(This is a re-post from my previous blog. I ran across it today, and thought it would go nicely with a few recent posts on this blog.)
Does this strike a chord with anyone?
Tithing may be a sore subject with some people. Others may embrace this philosophy wholeheartedly. Either way, I want to write about what I believe … and I believe this is an important part of your financial planning.
I have seen first-hand how important this piece of my financial puzzle has become. It may not seem logical if you are in dire money straits to be giving away what you feel that you need to survive. Why would God ask us to give to others when we are worrying daily how we will survive and take care of our family? We are worrying about paying our bills, and the pastor just preached another sermon on the importance of giving. No joke … mine did, just last week. That’s what got me started on this post. And trust me on this … it makes “cents.” Pun intended. 🙂
Whether you use your Bible to justify it, or you simply feel like “you get back what you give” … it is important that you are giving, even when you feel as if your budget is telling you that you can’t afford to give. I am not saying that you should just hand over all your money to a church or organization. I am saying that you sit down, and determine what you are able to give – what you truly feel “led” to share – and then set that plan in motion.
Here’s why I feel strongly about this:
- There are always people who are worse off than you. If you have a home, sigh in relief and be grateful. If you can put food on the table, smile and rejoice. If you are wearing shoes right now, wiggle those toes and be happy. God has provided your needs. There are many who don’t have the things with which you have been blessed. This is not to make you feel guilty, it’s to get you to realize that we often focus on our own wants (notice I didn’t say needs) and we end up feeling sorry for ourselves. Pity party in progress!
- God has provided everything we have. We may think that we have worked oh so hard, and have met our own needs … but just who gave you the skills you use to earn your paycheck? Who gave you the breaks or opened the doors for you to prosper? As Christians, we know that we are dependent upon God for our protection, our survival and our prosperity.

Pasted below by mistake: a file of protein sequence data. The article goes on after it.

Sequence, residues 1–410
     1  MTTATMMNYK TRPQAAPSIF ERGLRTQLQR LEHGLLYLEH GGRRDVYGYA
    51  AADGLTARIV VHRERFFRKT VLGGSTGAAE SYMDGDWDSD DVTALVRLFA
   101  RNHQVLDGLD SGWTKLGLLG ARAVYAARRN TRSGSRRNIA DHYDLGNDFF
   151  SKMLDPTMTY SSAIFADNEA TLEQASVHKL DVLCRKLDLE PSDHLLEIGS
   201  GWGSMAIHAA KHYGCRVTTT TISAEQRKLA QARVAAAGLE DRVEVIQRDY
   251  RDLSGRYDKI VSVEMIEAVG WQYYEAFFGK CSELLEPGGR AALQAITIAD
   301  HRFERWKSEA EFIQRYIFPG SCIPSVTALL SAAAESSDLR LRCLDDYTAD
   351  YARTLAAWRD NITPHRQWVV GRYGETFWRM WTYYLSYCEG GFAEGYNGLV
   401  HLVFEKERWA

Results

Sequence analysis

Malachi 3:10 says, ” Bring the whole tithe into the storehouse, that there may be food in my house. Test me in this,” says the Lord Almighty, “and see if I will not throw open the floodgates of heaven and pour out so much blessing that there will not be room enough to store it.“
2 Corinthians 9:7 says,”[So let] each one [give] as he purposes in his heart, not grudgingly or of necessity; for God loves a cheerful giver.”
Luke 6:38 says “give and it will be given to you, a good measure, pressed down, shaken together, running over it will pour into your lap, for by your standard of measure, it will be measured to you in return.”
There are folks that say you must give 10%, others that say you must be “Spirit-led” and give what the Holy Spirit tells you to give. I believe there is a difference between tithing and giving. Tithing is a spiritual discipline where you set aside 10% of your income to give to God’s work – essentially giving it back to God. Giving, for me, falls under the heading of “Spirit-led” and is over and above the monthly tithing. It’s for those times of extra abundance, and when there is a special need presented that I can fill.
However you choose to define it, and whether you choose tithing or giving or both … the important idea is to share with others what you have been given, and to give back to God some of what He has blessed you with.
You might wonder how you could ever give away what you need yourself. I can tell you from personal experience that God does indeed “fill in the gaps.” Just like the story from 2 Kings 4:1-7:
1 One day the widow of one of Elisha’s fellow prophets came to Elisha and cried out to him, “My husband who served you is dead, and you know how he feared the LORD. But now a creditor has come, threatening to take my two sons as slaves.” 2 “What can I do to help you?” Elisha asked. “Tell me, what do you have in the house?””Nothing at all, except a flask of olive oil,” she replied. 3 And Elisha said, “Borrow as many empty jars as you can from your friends and neighbors. 4 Then go into your house with your sons and shut the door behind you. Pour olive oil from your flask into the jars, setting the jars aside as they are filled.” 5 So she did as she was told. Her sons brought many jars to her, and she filled one after another. 6 Soon every container was full to the brim!”Bring me another jar,” she said to one of her sons.”There aren’t any more!” he told her. And then the olive oil stopped flowing. 7 When she told the man of God what had happened, he said to her, “Now sell the olive oil and pay your debts, and there will be enough money left over to support you and your sons.”
As a widow, I need to live in expectation that God will act on my behalf – according to my faith. God will supply my needs, according to my trust in Him. My trust in His goodness and acts of faith, such as tithing/giving, will bring more abundance into my life.
Whether you are in a season of plenty or a season of want…the expectation is that you trust God. That you start with what you have, be willing to do whatever it takes, act believing God will show up and honor God with the results.
You can also check out the original post here: Finances #1 – Tithing and Giving as a Widow